A Fruitful Lent Begins With God.
Today is the First Sunday of Lent. We hear at today’s Mass (as on every First Sunday of Lent) the account of Jesus’ time in the desert where he undergoes temptation. Mindful of the many significant details that are taught to us in these scenes of temptation, might we focus on one particular aspect of them for our Lenten journey: that Jesus remains united to the Father.
In keeping with Lent, it is quite likely that every one of us has desires to grow in holiness, and many are acting upon these desires either by giving up something pleasant or embracing a new opportunity for growth. Our goal by such actions is to be closer to God. Yet, here is the rub: God is already very close to us; closer than we can imagine. What, then, if God is already closer to us than we can imagine, will be gained by our attempts to get closer to God? Does not such presence of God already with us make our efforts seem as though they do not matter? We know, however, that our way of life does matter. What, then, can we make of such reality of wanting to be close to He who is close?
The real issue here is not with our acts; it is in the mistaken mentality that through our efforts alone we can earn our own closeness to God. Christ’s
temptations can help us see this error. Notice in the first temptation how Jesus is tempted to use his divine power for his own human advantage (by turning stones into bread.) Jesus rejects this temptation on the basis that “One does not live on bread alone, but on every word that comes forth from the mouth of God.” Jesus’ words here speak in reference to the true nature of life for man. His words contain neither a decision to make an act of self-denial nor to do a deliberate action (or non- action) to move Himself closer to God. Instead, His reason to reject the temptation is all about His God-given purpose – that He, who is God-become-man, is called to remain faithful to both His divinity and humanity as willed by God the Father. In other words – and here is the real point: Jesus rejects the temptation because to give in is to not be who the Father has willed Him to be. To accept the offer of the temptation is to reject who the Father willed Him to be, and to no longer live as “man ought to live.” The same can be said of the other two temptations – as they seek to cause Jesus to reject His true purpose.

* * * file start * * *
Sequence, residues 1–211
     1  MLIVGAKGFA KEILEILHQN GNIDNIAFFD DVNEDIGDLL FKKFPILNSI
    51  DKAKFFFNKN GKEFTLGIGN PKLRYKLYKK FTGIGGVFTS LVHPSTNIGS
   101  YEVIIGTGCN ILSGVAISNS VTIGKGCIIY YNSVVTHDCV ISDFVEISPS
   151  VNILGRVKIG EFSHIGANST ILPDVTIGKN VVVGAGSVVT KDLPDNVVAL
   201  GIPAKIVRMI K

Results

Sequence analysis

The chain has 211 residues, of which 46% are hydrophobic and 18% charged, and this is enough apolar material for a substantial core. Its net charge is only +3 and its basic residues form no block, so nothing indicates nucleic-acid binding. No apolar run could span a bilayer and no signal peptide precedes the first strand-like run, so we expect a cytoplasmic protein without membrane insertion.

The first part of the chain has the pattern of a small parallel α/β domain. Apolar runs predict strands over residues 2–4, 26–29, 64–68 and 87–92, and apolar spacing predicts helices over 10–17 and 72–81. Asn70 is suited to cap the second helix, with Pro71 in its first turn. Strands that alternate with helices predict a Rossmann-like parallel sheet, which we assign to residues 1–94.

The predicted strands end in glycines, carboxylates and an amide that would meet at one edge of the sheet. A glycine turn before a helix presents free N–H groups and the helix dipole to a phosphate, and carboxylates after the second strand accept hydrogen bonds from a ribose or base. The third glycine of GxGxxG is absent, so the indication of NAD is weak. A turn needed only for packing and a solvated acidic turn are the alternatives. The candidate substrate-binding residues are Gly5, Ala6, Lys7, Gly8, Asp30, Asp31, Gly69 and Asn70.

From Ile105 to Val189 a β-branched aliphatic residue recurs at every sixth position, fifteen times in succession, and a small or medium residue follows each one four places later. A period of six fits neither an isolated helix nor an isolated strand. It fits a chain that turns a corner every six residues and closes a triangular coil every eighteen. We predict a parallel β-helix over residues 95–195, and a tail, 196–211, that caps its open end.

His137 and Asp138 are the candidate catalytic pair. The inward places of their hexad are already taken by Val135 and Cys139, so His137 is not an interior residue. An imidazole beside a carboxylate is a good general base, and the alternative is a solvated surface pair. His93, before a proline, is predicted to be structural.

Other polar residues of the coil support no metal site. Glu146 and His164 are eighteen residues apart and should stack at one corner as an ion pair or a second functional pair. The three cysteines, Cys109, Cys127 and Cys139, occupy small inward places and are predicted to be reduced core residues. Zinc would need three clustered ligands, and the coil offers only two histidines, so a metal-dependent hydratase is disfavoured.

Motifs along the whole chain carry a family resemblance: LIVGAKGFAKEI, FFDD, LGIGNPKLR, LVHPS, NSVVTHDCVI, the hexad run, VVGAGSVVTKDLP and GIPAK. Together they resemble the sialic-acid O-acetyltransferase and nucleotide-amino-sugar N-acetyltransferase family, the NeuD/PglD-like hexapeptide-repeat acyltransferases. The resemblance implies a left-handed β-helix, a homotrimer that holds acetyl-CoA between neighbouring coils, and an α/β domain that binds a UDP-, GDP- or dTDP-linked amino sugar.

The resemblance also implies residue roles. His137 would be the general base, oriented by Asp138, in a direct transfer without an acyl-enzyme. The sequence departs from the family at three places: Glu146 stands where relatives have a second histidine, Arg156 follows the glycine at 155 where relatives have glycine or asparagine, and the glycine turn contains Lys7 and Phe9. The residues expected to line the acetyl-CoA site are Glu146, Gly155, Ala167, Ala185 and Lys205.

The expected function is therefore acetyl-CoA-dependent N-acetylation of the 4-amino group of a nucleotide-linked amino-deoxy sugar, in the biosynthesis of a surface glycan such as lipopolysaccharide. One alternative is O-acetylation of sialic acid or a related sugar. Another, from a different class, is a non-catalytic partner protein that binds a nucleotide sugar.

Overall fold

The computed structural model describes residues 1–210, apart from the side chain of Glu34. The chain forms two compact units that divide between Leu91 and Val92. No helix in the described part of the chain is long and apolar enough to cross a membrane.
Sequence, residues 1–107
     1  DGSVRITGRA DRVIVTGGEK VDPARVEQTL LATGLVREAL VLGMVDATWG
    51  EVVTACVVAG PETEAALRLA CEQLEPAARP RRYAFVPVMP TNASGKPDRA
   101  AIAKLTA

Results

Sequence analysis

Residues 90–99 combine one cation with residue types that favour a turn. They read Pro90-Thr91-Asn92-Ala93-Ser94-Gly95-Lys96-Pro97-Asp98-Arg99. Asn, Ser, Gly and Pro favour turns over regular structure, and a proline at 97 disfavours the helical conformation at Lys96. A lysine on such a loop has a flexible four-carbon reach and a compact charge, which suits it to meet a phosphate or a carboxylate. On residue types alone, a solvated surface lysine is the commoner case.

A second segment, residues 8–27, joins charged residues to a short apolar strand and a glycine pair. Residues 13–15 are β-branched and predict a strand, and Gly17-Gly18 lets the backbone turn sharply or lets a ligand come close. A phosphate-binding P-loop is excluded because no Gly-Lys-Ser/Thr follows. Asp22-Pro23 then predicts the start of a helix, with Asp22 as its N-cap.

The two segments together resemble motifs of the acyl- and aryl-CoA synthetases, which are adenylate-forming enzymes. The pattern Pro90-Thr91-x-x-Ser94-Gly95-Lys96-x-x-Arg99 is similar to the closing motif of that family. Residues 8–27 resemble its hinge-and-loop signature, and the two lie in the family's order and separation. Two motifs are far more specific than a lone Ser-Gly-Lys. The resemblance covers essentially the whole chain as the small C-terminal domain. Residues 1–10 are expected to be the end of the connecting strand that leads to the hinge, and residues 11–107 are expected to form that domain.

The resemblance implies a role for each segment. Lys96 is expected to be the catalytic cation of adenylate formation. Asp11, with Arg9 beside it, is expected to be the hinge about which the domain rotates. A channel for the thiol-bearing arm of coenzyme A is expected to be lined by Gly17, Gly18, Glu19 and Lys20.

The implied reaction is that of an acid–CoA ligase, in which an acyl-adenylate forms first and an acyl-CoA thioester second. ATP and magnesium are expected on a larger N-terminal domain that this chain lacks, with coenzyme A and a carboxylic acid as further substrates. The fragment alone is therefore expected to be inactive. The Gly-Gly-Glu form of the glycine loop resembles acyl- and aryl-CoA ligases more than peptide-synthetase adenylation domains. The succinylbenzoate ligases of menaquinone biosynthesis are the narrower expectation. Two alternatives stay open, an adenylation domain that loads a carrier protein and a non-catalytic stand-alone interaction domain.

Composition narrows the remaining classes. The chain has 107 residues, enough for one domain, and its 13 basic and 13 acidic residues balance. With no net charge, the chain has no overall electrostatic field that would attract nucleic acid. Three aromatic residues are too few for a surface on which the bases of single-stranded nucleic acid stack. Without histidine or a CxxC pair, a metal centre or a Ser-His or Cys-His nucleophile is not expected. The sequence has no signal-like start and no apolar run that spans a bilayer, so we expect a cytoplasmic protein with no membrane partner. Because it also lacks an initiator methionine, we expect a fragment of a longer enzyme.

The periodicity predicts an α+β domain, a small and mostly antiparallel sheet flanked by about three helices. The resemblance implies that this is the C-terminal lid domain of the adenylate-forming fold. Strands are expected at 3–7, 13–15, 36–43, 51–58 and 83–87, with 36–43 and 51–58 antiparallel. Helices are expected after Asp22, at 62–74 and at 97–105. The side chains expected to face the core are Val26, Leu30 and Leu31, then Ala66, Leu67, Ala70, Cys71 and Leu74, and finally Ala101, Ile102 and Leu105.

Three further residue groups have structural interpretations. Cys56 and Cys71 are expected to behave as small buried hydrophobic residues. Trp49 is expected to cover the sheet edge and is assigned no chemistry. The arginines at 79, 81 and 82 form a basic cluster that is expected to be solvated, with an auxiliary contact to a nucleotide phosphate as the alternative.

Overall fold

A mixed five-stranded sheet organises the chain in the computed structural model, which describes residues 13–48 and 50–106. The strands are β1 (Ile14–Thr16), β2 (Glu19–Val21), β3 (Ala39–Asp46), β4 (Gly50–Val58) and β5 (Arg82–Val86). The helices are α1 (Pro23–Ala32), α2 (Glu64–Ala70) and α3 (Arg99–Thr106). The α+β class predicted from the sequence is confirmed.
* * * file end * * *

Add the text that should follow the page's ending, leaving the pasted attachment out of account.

Let’s apply this truth to ourselves. As we embrace Lenten practices, the goal of being closer to God is to be attained by becoming truer to whom God made us to be. Living in accord with our purpose then begins with God Himself, who made us and knows us best. What is our part? To embrace the way of life that God has revealed to us in Christ: living the truth in love; keeping the commandments; etc. Practically speaking, this way of life means that whether we give up something or take on new practices for Lent, we are doing so as ways to return to our true purpose for which God has made us. So if I give up my favorite food, I should do so as an opening of my heart to live with less desire for that food and more in keeping with the person that God Himself made me to be – in so many words, to be more human. On the other hand, if I take on a new act of charity, this act is to be carried out in keeping with God’s will – which is to love and keep His commandments, and not to live without proper regard for who God intends me to be (which can happen even with good acts).
In summary, our keeping of Lent invites us to be drawn closer to God by His works on our behalf and not our own human efforts. Accordingly, may we take the
focus off ourselves (what we do) and to focus upon God Himself, allowing He who loves us perfectly, to give us His own life.